Blog Entry


Early summer is an especially nice time to start a garden journal. Your what-to-do-in-the-garden-today lists have shortened and everything is just so achingly beautiful. Jot down plants that you’ve seen and are interested in adding to your own garden, annual container combinations or interesting color blends. Inspiration can be found anywhere, from gardening magazines and life-style shows to local garden centers and public gardens. And don’t forget to check out what your neighboring gardeners are doing!

Are you bracing for another onslaught of Powdery Mildew or another invasion of Japanese Beetles?  It can be really helpful to make notes of particular diseases or pests that haunt your yard year after year. Phenology is the study of seasonal phenomena, especially in relation to animal activity, plant development and weather. So take a couple of minutes to stroll through and observe what is going on in your garden. Next season, you can look at your notes and give yourself and your garden a head’s up. When did sawfly larvae attack your mugo pine? Did your peach tree suffer from Leaf Curl? Over the years you can transfer your notes onto a master calendar, building an excellent record of the cycle of life in your own particular spot on the planet.

Precipitation-wise, this spring has been the polar opposite of 2023. And thank goodness! We’ve been seeing the results of last year’s extremely dry weather on even established plants. And even though we’ve had plentiful rainfall this season, no one knows what this July and August will bring. So make plans for a watering strategy and stick to it. Your newly planted trees, shrubs and perennials will need a good soak once a week until the ground freezes. Commit to that and remember that you may need to irrigate twice a week if we experience a string of dry, 90 degree days. So get your sprinklers, hoses and watering wands out now and check them over. The Garden Center is featuring some new, lightweight, expandable hoses that will make storing them easier, and much tidier. Stop in and we’ll help you navigate the choices and pick the brand that works best for you and your garden.

Now, let’s talk about container plantings. Does the watering of plants in containers seem like a no-brainer? When it’s hot and dry, everything needs lots of water, right? Not always! When it’s painfully hot and humid for you, plants can go into a state of suspended animation and shut down their water usage system. This is especially true for plants in pots since their roots can get hotter than those of plants in the ground. The moral of this story? Always check soil moisture before watering. If a container plant looks stressed and the soil seems damp, consider moving it into a cooler and shadier location.

This spring’s seesawing temperatures and crazy thunderstorms is surely having an effect on anything that you’ve planted in containers this season, from annuals to vegetables. We may have a perfect storm for plant stress. Pun intended. The Plant Information Desk has seen a lot of odd seasonal damage on everything-trees, shrubs, perennials and annuals. The good news is that as the weather has evened out most plants are growing well despite the craziness. But fertilizing your containers should be your next priority. Regular watering washes the nutrients out of the soil, especially in potted plants. Use a water-soluble fertilizer once a week or apply a dose of a slow release product. If you use the slow-release fertilizers, be sure to work it into the soil a bit so that it doesn’t float right out of your pots.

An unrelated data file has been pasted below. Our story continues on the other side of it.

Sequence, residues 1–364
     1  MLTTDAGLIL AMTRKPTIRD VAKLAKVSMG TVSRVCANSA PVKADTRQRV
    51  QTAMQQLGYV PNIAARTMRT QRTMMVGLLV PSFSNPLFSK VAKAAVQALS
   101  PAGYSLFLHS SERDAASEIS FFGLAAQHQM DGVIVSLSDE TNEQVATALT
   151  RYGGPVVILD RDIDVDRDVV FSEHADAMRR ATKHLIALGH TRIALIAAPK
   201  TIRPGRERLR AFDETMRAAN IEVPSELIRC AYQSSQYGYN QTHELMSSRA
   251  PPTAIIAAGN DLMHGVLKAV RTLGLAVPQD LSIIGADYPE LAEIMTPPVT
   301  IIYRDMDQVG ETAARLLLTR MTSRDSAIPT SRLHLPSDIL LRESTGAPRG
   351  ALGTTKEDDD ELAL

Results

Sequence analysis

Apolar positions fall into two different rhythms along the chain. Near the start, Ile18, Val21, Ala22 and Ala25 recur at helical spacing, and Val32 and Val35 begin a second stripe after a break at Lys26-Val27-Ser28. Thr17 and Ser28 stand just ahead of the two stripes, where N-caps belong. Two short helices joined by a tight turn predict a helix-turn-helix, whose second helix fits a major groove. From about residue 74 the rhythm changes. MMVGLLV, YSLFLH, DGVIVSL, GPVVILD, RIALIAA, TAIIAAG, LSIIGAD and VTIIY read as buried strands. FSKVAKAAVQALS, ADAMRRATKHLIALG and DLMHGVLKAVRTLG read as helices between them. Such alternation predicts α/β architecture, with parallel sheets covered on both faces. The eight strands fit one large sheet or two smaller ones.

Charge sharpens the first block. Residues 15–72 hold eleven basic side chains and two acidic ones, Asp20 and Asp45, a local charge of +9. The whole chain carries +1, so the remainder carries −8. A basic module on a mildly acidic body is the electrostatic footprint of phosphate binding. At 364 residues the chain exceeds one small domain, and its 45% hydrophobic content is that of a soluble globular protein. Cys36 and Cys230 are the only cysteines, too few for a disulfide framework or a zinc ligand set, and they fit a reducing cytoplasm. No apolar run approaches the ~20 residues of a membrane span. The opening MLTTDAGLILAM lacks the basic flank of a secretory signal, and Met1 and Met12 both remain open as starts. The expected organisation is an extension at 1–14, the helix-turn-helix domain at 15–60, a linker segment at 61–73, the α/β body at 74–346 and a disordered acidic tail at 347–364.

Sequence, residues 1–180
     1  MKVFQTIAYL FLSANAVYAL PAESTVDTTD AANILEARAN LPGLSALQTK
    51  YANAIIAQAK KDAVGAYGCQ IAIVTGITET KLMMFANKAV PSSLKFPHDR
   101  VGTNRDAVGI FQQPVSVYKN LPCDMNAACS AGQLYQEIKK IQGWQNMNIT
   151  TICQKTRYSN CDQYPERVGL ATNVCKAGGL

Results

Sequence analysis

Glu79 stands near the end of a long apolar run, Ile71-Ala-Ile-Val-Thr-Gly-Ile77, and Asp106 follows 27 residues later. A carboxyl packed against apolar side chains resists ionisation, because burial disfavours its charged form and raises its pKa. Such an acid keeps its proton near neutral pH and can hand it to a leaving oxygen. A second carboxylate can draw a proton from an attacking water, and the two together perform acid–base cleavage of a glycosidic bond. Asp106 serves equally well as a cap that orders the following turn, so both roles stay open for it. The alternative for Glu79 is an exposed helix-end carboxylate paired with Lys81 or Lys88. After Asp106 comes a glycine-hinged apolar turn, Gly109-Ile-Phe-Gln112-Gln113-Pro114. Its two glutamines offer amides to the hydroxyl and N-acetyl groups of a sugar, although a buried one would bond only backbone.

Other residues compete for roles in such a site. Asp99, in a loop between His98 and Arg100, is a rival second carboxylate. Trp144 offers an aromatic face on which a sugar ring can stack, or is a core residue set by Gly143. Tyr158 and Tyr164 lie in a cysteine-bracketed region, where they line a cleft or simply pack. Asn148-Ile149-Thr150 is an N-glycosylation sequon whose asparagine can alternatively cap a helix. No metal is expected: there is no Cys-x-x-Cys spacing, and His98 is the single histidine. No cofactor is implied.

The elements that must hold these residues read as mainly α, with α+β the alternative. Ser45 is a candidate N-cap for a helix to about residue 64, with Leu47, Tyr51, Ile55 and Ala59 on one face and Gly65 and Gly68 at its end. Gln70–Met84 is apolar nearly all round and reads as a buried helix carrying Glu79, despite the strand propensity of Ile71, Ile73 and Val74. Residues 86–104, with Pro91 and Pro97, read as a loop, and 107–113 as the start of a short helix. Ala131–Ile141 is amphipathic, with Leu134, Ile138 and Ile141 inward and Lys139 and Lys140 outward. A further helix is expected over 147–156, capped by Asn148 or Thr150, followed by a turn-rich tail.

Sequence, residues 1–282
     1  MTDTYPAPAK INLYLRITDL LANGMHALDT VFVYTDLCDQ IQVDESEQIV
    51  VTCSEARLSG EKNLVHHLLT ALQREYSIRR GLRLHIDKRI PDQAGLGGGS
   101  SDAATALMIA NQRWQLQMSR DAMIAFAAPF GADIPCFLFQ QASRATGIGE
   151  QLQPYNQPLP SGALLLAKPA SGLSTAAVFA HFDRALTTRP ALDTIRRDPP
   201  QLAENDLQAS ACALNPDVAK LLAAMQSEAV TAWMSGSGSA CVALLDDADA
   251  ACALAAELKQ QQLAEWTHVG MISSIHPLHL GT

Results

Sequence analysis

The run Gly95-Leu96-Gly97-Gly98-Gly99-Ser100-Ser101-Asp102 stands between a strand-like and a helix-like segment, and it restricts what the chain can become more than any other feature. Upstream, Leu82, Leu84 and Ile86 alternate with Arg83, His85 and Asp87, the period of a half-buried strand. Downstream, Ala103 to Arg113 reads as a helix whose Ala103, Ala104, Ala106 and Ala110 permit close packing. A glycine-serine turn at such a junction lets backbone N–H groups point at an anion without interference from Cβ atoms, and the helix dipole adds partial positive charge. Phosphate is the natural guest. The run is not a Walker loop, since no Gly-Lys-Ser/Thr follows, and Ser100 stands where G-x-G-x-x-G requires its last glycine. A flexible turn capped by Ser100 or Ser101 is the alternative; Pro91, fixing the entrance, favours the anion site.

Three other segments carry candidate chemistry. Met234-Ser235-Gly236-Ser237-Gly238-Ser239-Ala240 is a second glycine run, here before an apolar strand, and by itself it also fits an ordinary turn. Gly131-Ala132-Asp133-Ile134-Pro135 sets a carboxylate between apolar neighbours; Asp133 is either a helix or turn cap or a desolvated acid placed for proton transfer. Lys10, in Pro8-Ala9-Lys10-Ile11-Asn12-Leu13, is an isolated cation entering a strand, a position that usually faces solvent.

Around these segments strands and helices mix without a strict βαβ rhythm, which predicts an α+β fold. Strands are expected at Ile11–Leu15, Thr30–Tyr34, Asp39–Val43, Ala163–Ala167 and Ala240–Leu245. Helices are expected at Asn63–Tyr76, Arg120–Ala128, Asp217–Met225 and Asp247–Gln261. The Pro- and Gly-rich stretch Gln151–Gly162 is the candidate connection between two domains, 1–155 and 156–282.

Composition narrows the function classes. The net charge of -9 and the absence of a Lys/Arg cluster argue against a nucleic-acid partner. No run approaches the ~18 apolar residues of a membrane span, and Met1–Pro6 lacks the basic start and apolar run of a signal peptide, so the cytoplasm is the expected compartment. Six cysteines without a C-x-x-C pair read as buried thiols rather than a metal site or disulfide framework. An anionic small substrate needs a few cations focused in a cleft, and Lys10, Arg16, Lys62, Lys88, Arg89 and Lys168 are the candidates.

And don’t forget that deadheading spent flowers is essential for continued bloom of many annual and perennial plants. Roses appreciate the extra attention, too. So go ahead and pinch back any leggy or straggly growth. Your plants will be stronger and bushier in the long run and you will get more blossoms.

We’ve already seen samples of powdery mildew, so if we’re making any predictions, all signs point to another banner year for fungal diseases. Observation and inspection are the keys here. Look carefully at your plants as you water and tend to them. Learn to recognize the difference between healthy looking foliage and those leaves that show signs of stress. Turn a few over and look at the growing tips for hints of disease and infestations. When you learn what’s normal, it’s easier to spot what is abnormal. If you’ve had a history of powdery mildew on your peonies, phlox or ninebark, consider spraying preventatively with Revitalize, a biologic fungicide.

After all of this effort, don’t forget to enjoy what you’ve created. Sitting on the screened porch on a soft summer evening is a lovely experience. Have a glass of something. Listen for the droning buzz of foraging bees. Delight in the miniature fireworks created by lightning bugs. Or are they fairies, like Tinker Bell? Clap your hands and see what happens.

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